22 August, 2015

Simon Says: A wealth of information creates a poverty of attention

A post by Tim Taylor earlier this week caught my attention.

It focused on Herb Simon's 1971 article "Designing Organizations for an Information-Rich World" (hand-edited draft here), an essay which seems as relevant today as ever - including in the emerging study of "attention economies" such as YouTube.

Perhaps the idea is also somewhat related to this famous (and humorous) selective attention test.

In that (now) 45-year-old article, Simon wrote:
A large share of the costs of an information-rich environment are carried by information users, not information providers... [and] humans may be poorly adapted to disregard information enough...
Even before television, we lived in an environment of information conveyed mostly by our neighbors, including some pretty tall tales. We acquired a variety of techniques for dealing with information overload. We know that there are people who can talk faster than we can and give us an argument on almost any topic.
We listen patiently, because we cannot process information fast enough to refute them; that is, until the next day, when we find the hole in their argument. A relevant rule that my father taught me was, "Never sign in the presence of a salesman."
By adopting such rules and their extensions, we allow ourselves the extra processing time needed to deal with the information overload. ... I think that all levels of intelligence, human beings have common sense protecting them from the worst features of their information environment.
If information overload ever really gets the best of me, my last resort is to follow the advice of Gertrude Stein in the opening pages of The Autobiography of Alice B. Toklas: `I like a view, but I like to sit with my back turned to it.'

Herb Simon passed away almost fifteen years ago; I wonder if he would still believe that our "common sense" remained enough to protect us from "the worst features of [our] information environment" in the age of Facebook and Twitter.

In future posts I'll write more about a couple of related ideas for business leaders:

What makes "Simon Says" personal to me

Herb Simon was a professor at Carnegie Mellon whose contributions were recognized with both a Nobel prize in Economics* (1978) and it's equivalent in computer science (Turing, 1975).  He is recognized by the APA as the 37th most influential psychologist of the 20th century, so if there were a Nobel prize in psychology he likely would have won that too.  He was an interdisciplinary polymath, and mentor to many of my professors in computer science (undergrad) and business (grad).

I met him once, in a freshman-year orientation class: ~2x/week, for 16 weeks, a different professor would sit down with all ~125 of us and talk about their views on computer science.  Most of the talks went way over my head, although some of the professors would later leave a lasting impression on me: a wonderfully confounding experimental discrete math class simultaneously co-taught by Dana Scott (Turing, 1976), Danny Sleator (invented splay trees), and Doug Tygar (a cryptographer who helped create the first secure online payment systems) comes to mind; as does an artificial intelligence class taught by a new professor named Andrew Moore.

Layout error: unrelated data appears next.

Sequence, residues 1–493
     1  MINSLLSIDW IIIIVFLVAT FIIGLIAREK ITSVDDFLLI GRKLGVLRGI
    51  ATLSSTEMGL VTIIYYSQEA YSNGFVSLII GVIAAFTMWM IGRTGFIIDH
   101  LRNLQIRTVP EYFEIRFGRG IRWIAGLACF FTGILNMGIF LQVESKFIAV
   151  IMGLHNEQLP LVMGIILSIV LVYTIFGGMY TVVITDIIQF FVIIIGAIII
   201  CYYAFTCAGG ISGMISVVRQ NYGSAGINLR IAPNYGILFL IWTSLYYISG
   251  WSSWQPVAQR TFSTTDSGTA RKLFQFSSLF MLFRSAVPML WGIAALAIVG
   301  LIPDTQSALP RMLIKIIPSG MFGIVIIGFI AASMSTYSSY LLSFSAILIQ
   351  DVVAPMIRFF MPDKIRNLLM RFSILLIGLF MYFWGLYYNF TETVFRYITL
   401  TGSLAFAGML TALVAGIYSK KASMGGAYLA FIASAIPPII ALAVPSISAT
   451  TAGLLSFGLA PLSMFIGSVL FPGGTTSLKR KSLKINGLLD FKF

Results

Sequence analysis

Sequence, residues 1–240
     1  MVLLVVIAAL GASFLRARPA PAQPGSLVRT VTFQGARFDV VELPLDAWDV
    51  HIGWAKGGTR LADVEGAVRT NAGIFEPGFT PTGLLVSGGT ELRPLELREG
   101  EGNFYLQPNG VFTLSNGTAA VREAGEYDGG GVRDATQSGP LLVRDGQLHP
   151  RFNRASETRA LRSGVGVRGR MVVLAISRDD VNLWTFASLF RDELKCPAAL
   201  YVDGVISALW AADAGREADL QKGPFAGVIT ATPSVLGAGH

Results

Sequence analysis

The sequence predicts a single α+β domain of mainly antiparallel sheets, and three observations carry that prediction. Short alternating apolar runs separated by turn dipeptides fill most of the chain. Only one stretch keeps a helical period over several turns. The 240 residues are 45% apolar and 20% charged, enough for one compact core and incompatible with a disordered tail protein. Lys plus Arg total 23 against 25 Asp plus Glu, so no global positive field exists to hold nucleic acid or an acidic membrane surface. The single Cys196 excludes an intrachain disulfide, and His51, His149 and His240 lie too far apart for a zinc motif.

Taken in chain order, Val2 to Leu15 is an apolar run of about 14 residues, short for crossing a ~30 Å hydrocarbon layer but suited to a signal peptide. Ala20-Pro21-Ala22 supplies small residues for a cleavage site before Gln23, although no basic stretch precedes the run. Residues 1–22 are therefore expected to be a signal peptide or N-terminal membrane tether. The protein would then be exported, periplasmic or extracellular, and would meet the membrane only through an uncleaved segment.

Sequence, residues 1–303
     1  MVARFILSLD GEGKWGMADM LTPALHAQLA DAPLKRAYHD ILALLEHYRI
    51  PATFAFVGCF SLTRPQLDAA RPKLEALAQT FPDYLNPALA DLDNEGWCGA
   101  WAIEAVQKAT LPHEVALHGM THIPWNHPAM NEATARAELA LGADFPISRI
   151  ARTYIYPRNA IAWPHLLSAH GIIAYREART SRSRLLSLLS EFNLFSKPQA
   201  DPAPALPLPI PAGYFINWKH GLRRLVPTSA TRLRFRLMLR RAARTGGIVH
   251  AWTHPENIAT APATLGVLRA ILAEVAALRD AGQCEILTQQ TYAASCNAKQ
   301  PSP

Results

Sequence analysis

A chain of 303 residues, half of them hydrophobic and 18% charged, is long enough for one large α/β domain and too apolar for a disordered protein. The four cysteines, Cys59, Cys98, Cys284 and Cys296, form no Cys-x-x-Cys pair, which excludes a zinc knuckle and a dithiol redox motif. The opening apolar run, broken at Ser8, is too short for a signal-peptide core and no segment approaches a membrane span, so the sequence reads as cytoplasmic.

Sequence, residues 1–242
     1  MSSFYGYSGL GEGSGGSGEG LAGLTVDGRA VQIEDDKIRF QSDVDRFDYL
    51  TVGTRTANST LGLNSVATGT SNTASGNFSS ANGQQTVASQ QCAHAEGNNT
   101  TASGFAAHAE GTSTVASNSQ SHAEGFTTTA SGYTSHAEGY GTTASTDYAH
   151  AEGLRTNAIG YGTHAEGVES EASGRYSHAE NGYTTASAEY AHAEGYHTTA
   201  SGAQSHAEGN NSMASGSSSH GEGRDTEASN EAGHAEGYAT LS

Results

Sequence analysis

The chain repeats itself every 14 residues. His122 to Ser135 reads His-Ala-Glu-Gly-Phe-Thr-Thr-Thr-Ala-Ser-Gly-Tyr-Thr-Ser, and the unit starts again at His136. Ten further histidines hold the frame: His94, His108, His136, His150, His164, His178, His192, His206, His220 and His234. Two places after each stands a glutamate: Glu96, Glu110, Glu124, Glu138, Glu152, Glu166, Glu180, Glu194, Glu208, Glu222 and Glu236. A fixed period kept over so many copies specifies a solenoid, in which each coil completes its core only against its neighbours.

Herb Simon's one-hour lecture was the only one from that orientation that stayed with me, not just for days or weeks but now more than twenty years later.  And he didn't even talk about computer science.  He told the story of his career, including how he and a friend spent several months riding trains through Europe in the immediate aftermath of WWII.  They had gone over as part of the design/administration of the Marshall Plan and ended up stuck waiting for a ride home due to the sheer number of returning troops.

So they passed the time sightseeing by train, and developed a game where they would pick a different profession - bricklayer, doctor, engineer, etc. - on each part of the journey to see if they could credibly inhabit that role for a few days.  Perhaps there's a psychological reason why suspicious people were unlikely to call them out as fakers; perhaps Herb's interests were sufficiently broad that he was particularly good at the game.  Probably both, and they played it successfully for several months.

Expert advice reasons from first principles

The other thing I remember from that hour was Herb telling me to stop taking notes.  He said the process of taking notes would interfere with my ability to fully comprehend what he was saying; that the most important thing was understanding the gist of what he had to say.  Details could always be looked up again later.  He was, in essence, telling me that too much information would create a poverty of attention.

I didn't take notes for a long time after that, because Simon Says: Don't take notes.  It was excellent advice, and I took it - not because Prof Simon was arguing from authority but because his advice was the result of solid reasoning from first principles.

Thanks for reading,

*some distinguish it as not an "original" Nobel (from the website):  In 1968, Sveriges Riksbank (Sweden's central bank) established the Prize in Economic Sciences in Memory of Alfred Nobel, founder of the Nobel Prize.

The Prize in Economic Sciences is awarded by the Royal Swedish Academy of Sciences, Stockholm, Sweden, according to the same principles as for the Nobel Prizes that have been awarded since 1901.

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